• Export Citation
  • Previdi, M., 2010: Radiative feedbacks on global precipitation. Environ. Res. Lett., 5, 025211, https://doi.org/10.1088/1748-9326/5/2/025211.

    • Crossref
    • Search Google Scholar
    • Export Citation
  • Qu, X., and A. Hall, 2005: Surface contribution to planetary albedo variability in the cryosphere regions. J. Climate, 18, 52395252, https://doi.org/10.1175/JCLI3555.1.

    • Crossref
    • Search Google Scholar
    • Export Citation
  • Roe, G., 2009: Feedbacks, timescales, and seeing red. Annu. Rev. Earth Planet. Sci., 37, 930115, https://doi.org/10.1146/ANNUREV.EARTH.061008.134734.

    • Crossref
    • Search Google Scholar
    • Export Citation
  • Rosenblum, E., and I. Eisenman, 2016: Faster Arctic sea ice retreat in CIMP5 than in CMIP3 due to volcanoes. J. Climate, 29, 91799188, https://doi.org/10.1175/JCLI-D-16-0391.1.

    • Crossref
    • Search Google Scholar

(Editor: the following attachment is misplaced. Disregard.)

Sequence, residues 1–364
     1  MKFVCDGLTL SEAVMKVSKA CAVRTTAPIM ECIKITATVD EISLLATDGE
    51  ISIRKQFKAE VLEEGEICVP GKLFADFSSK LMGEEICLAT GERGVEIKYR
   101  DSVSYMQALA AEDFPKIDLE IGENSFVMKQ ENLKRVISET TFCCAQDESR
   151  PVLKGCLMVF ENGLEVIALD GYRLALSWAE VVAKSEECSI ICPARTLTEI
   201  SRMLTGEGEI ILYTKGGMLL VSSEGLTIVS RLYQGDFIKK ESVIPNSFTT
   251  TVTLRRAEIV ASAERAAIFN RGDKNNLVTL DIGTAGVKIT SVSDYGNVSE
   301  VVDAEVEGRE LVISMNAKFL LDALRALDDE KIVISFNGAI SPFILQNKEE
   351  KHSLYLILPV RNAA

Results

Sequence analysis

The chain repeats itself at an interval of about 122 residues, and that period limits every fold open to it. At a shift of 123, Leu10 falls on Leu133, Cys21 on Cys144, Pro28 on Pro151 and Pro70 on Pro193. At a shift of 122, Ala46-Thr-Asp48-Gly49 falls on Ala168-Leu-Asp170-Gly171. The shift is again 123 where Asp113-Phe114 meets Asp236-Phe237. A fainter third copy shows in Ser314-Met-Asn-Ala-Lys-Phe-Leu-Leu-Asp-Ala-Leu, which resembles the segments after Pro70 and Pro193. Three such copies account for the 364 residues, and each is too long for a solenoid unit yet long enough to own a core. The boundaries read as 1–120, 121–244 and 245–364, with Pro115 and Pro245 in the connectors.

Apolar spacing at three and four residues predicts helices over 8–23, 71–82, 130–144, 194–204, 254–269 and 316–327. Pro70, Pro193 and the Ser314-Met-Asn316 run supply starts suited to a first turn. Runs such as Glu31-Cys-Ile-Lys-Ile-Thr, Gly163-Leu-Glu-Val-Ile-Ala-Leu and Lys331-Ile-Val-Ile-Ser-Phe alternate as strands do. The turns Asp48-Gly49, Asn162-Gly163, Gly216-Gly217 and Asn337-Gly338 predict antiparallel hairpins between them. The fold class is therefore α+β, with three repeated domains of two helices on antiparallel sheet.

• Export Citation
  • Schneider, A., M. Flanner, and J. Perket, 2018: Multidecadal variability in surface albedo feedback across CMIP5 models. Geophys. Res. Lett., 45, 19721980, https://doi.org/10.1002/2017GL076293.

    • Crossref
    • Search Google Scholar
    • Export Citation
  • Shell, K., J. Kiehl, and C. Shields, 2008: Using the radiative kernel technique to calculate climate feedbacks in NCAR’s Community Atmospheric Model. J. Climate, 21, 22692282, https://doi.org/10.1175/2007JCLI2044.1.

    • Crossref
    • Search Google Scholar
    • Export Citation
  • Shu, Q., Z. Song, and F. Qiao, 2015: Assessment of sea ice simulations in the CMIP5 models. Cryosphere, 9, 399409, https://doi.org/10.5194/tc-9-399-2015.

    • Crossref
    • Search Google Scholar
    • Export Citation
  • Sledd, A., and T. L’Ecuyer, 2019: How much do clouds mask the impact of Arctic sea ice and snow cover variations? Different perspectives from observations and reanalyses. Atmosphere, 10, 12, https://doi.org/10.3390/atmos10010012.

    • Crossref
    • Search Google Scholar
    • Export Citation
  • Smith, C., and Coauthors, 2018: Understanding rapid adjustments to diverse forcing agents. Geophys. Res. Lett., 45, 12 02312 031, https://doi.org/10.1029/2018GL079826.

    • Crossref
    • Search Google Scholar